I mentioned last week that I like to rotate the types of embroidery projects I work on, to give myself a little variety, moving from more intense to less intense projects and visa-versa.
This is all part of my time-and-enthusiasm-levels Management Program, and it works!
Right now, I’m in a less-intense project phase. After finishing a very quick little weedy thing, I set up a new project that I’ve been eager to get going on for a while.
I think of it as a leafy sampler of sorts.
Right off the bat, I changed my mind on some key decisions that come along with any embroidery project, and although I made decent progress over the weekend, I’m going to stop where I am and start this project over. I’ll tell you why.
When I designed this project, my thought was that it would be irregular and a little random. I didn’t want a lot of structured regularity in the stitching.
But for me, that’s not how I roll! My “irregular” leaf above comes up looking…sure, irregular in spacing, but it’s a very regularized irregularity.
So that approach just isn’t going to work. Or at least, not the way I was approaching it. Maybe I was thinking about it too hard?
Trying to be random – and failing – I found myself coming back to the fishbone stitch repeatedly.
At this point, I think I had six leaves stitched in the same area of the tree. Three of them were in fishbone stitch.
This isn’t necessarily a bad thing. But the groupings were a bit off.
I started at the very base of this tree design I’m working on, with the intention of working all the leaves in that small section.
If you’re going for a seemingly random approach but you want a good balance on a project like this, this isn’t the way to do it.
The way to do it is to scatter your interpretations of all the elements across the piece and to work with the full piece in mind, rather than in small sectors.
I quickly discovered that the natural colored ground fabric has to go.
I love this linen – it’s Strathaven natural – but for photography purposes, I have a hard time with it.
When it comes to photographing something step-by-step, nothing beats a white ground fabric. You just get more clarity. It’s also easier to adjust camera settings quickly. And being able to adjust the camera quickly leads to more stitching time.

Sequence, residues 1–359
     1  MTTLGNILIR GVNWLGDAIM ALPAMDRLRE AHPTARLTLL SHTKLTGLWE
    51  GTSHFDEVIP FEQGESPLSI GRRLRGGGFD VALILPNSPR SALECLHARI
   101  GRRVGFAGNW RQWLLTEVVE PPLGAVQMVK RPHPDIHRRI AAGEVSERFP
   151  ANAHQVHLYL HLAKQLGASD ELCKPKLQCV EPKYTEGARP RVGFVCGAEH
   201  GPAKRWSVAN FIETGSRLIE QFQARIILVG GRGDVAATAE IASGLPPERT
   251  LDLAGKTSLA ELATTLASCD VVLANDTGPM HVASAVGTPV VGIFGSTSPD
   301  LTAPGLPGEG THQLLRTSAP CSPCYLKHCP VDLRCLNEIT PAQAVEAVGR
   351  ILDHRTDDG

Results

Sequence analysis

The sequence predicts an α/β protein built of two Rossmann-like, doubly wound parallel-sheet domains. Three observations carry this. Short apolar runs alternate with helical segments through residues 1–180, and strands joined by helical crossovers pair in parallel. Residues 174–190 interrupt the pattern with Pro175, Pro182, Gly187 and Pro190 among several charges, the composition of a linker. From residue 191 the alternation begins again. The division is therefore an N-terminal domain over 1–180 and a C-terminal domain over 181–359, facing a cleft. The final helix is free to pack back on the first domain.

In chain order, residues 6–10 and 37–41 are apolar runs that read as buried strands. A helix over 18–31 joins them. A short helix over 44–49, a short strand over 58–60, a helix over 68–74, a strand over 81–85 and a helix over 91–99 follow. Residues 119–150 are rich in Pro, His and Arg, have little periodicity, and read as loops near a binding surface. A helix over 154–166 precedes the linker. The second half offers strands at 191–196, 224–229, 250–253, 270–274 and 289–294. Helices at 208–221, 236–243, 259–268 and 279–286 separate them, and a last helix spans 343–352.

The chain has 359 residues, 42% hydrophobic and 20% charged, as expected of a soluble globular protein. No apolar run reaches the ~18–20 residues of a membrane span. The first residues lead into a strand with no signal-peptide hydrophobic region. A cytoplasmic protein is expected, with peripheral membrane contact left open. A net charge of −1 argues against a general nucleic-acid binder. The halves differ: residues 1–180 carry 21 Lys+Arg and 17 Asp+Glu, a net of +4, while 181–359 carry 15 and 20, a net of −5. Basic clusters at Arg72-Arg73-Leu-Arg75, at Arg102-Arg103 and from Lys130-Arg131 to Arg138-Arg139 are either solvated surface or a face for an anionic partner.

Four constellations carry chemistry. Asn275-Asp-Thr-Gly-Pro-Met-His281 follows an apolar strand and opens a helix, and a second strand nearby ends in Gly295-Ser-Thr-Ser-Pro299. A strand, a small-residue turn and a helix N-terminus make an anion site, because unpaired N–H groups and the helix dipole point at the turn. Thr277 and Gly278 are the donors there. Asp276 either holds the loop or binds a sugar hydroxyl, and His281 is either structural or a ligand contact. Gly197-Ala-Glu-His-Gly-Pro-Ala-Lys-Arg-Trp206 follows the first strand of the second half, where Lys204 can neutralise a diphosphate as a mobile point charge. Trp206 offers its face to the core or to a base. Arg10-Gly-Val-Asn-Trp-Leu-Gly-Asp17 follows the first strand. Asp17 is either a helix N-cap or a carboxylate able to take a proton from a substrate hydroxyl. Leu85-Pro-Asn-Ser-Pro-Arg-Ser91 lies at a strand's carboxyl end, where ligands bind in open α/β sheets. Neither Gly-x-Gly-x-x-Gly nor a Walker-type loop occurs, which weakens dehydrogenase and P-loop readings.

I tried to work within a set range of greens, from dark to bright, but it isn’t giving me as much variety as I would like. So I need to reconsider my color range.
I’ll most likely set up a new version of this project today, on a white ground fabric.
I’ll pull out both drawers of greens from my stranded cotton thread cabinet. And I’ll pull some over-dyed threads, too, from different thread sources to mix in.
I might even pull some other types of threads besides stranded cotton, and go for more texture. We shall see! This latter point can be problematic when planning a piece for others to stitch, because it’s more difficult to assemble the fibers if they’re coming from all over the place.
It was a good experiment while it lasted, and it carried me through the weekend with lots of fun little bits to pick up and work on when I had some quiet time.
I learned several things, I mulled over solutions, and I’m ready to start over.
Sometimes, that just the way it goes.
It’s never a bad thing to have to start over, if your reasons for doing so are sound.
Over to You!
Any questions, comments, suggestions? Feel free to have your say below!
Looking for Embroidery Projects for Spring Stitching?
If you’re hankering for some spring stitching projects, why not check out some of my e-books that feature colorful embroidery, perfect for spring?
They’re suitable for beginners and beyond, full of step-by-step photo instructions, and they make for fun little projects that work up quickly!
My three recommendations for Spring stitching: Stitch Sampler Alphabet; Lavender Honey & Other Little Things; and Will Ewe Bee Mine?
If you haven’t checked out any of my e-books available on Needle ‘n Thread, you’ll find them all listed here!
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